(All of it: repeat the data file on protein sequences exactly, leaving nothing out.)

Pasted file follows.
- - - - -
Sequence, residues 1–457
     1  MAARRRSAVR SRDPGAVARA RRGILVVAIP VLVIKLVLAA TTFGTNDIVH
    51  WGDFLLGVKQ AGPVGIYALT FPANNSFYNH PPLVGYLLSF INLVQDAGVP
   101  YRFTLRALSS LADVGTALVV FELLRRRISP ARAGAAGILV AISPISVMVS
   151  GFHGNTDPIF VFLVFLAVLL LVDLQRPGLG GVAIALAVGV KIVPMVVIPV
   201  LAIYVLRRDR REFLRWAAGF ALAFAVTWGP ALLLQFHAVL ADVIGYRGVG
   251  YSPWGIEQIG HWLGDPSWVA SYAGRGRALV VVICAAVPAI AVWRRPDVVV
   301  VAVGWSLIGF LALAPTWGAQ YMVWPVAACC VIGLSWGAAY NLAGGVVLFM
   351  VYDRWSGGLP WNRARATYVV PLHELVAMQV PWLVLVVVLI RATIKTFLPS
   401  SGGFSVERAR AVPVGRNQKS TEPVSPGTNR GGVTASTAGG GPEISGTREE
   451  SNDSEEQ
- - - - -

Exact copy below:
Sequence, residues 1–457
     1  MAARRRSAVR SRDPGAVARA RRGILVVAIP VLVIKLVLAA TTFGTNDIVH
    51  WGDFLLGVKQ AGPVGIYALT FPANNSFYNH PPLVGYLLSF INLVQDAGVP
   101  YRFTLRALSS LADVGTALVV FELLRRRISP ARAGAAGILV AISPISVMVS
   151  GFHGNTDPIF VFLVFLAVLL LVDLQRPGLG GVAIALAVGV KIVPMVVIPV
   201  LAIYVLRRDR REFLRWAAGF ALAFAVTWGP ALLLQFHAVL ADVIGYRGVG
   251  YSPWGIEQIG HWLGDPSWVA SYAGRGRALV VVICAAVPAI AVWRRPDVVV
   301  VAVGWSLIGF LALAPTWGAQ YMVWPVAACC VIGLSWGAAY NLAGGVVLFM
   351  VYDRWSGGLP WNRARATYVV PLHELVAMQV PWLVLVVVLI RATIKTFLPS
   401  SGGFSVERAR AVPVGRNQKS TEPVSPGTNR GGVTASTAGG GPEISGTREE
   451  SNDSEEQ